4th.Sunday of Easter( B)

Acts: 4: 8-12. I Jn: 3:1-2   Jn: 10: 11-18.

A new preacher came to deliver his first sermon in a rural parish, but no one showed up except one shepherd. The preacher wondered whether to proceed with the service. The shepherd said, “I can’t tell you what to do, I’m just a shepherd. But if I came to feed my sheep and only one showed up, I would feed it.”

The preacher thanked him and gave the prepared hour-long sermon, which stretched to an hour and a half. When he finished, he asked the shepherd if he had liked it. “Well,” the man replied, “I don’t know much about sermons; I’m just a shepherd. But if I came to feed my sheep and only one showed up, I will not give her the whole load.”

The Patriarchs, Moses and King David were shepherds who lead their people well. But the later rulers, instead of caring for the people, began to plunder them. In prophet Ezekiel, God lamented about the wicked shepherds who instead of caring for the people were plundering them. He promised that He would take away the flock from them, and He Himself would become their Shepherd.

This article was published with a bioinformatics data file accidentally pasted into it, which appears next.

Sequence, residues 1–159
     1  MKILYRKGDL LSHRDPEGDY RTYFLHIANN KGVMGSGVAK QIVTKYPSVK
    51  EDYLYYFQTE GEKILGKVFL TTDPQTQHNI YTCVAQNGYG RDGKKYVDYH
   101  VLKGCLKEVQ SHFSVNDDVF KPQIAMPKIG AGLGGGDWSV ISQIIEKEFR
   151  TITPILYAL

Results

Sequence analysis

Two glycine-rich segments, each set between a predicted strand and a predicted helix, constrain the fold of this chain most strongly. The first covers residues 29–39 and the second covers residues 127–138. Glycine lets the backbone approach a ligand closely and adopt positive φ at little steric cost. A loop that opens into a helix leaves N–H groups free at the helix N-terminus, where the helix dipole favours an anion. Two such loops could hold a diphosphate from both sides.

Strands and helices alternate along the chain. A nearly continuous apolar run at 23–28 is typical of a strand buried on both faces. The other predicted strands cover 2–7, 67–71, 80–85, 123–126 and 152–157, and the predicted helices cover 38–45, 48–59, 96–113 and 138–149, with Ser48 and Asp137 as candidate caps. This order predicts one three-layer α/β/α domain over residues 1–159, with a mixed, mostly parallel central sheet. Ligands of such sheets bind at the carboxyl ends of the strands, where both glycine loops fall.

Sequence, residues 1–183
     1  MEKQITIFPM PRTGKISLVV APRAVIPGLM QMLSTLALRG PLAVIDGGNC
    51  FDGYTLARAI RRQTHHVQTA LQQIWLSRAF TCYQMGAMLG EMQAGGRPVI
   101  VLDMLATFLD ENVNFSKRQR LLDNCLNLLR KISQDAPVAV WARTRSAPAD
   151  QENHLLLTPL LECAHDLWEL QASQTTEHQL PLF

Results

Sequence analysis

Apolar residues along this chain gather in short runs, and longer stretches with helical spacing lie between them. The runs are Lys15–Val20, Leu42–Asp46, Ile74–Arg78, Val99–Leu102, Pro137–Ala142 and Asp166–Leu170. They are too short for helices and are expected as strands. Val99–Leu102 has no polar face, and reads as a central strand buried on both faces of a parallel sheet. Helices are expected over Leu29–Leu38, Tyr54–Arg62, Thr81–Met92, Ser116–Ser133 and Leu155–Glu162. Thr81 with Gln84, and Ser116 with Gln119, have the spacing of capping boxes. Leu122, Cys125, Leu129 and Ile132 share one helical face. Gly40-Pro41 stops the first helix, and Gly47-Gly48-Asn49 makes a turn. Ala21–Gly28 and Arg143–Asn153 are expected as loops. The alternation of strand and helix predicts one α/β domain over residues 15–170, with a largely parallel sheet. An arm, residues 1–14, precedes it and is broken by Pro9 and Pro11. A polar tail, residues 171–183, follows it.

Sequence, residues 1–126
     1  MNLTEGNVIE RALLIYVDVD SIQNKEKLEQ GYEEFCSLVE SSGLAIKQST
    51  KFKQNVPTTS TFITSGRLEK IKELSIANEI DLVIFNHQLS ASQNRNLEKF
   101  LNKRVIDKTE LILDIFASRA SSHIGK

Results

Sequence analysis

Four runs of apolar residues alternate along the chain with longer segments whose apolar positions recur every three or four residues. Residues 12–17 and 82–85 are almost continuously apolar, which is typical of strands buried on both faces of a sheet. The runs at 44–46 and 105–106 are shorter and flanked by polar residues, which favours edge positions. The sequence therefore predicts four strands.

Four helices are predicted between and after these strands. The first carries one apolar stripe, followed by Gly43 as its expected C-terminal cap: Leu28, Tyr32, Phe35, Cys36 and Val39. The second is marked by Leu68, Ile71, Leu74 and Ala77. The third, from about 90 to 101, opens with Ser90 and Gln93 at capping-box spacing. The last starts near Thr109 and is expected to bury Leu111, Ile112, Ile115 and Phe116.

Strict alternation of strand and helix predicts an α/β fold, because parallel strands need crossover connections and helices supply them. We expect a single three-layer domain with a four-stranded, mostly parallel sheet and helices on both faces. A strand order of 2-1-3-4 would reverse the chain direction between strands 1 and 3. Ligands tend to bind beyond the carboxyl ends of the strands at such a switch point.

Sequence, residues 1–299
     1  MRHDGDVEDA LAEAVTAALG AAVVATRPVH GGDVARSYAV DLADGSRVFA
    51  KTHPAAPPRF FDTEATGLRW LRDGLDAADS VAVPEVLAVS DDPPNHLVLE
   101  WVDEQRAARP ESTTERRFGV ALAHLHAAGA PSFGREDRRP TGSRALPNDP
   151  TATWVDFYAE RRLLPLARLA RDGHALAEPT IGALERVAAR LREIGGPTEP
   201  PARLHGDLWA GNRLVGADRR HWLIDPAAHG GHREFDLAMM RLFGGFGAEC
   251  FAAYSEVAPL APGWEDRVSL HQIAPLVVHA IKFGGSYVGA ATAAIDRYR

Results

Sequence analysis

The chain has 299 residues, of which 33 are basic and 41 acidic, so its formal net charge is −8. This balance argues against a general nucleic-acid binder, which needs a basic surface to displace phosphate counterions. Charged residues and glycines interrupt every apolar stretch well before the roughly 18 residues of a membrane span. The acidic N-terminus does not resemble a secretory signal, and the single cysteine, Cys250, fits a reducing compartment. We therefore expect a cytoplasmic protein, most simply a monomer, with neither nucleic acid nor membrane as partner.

The term shepherd implies an image of responsible leadership, devotion to duty and concern for others. When the prophets of the Old Testament spoke of Yahweh as the true shepherd, they understood him as one who really cares for His people.

Jesus proclaimed that He is the Good Shepherd; He assumed the role and character of a shepherd. King David who himself was a shepherd, and who understood the needs of the sheep and the many cares of the shepherd, sang, “The Lord is my Shepherd (Ps 23:1).” Knowing our needs and His ability to supply them, Jesus called Himself as the Good Shepherd.

A Good Shepherd Knows the Sheep. The first thing a shepherd would do is to set a mark upon the sheep so that if it goes astray, as most sheep often wander, the shepherd may seek and bring them home. Jesus is the Good Shepherd who knows His sheep intimately. He knows them by their name.

He said, “I know them, and they follow me (Jn.10:27).” Doubtless, Jesus knows us thoroughly; for He had even numbered the stars and called them by their names; he has even numbered the very hair on our heads. St.Paul said,:“The Lord knows those who are His (2 Tim 2:19).”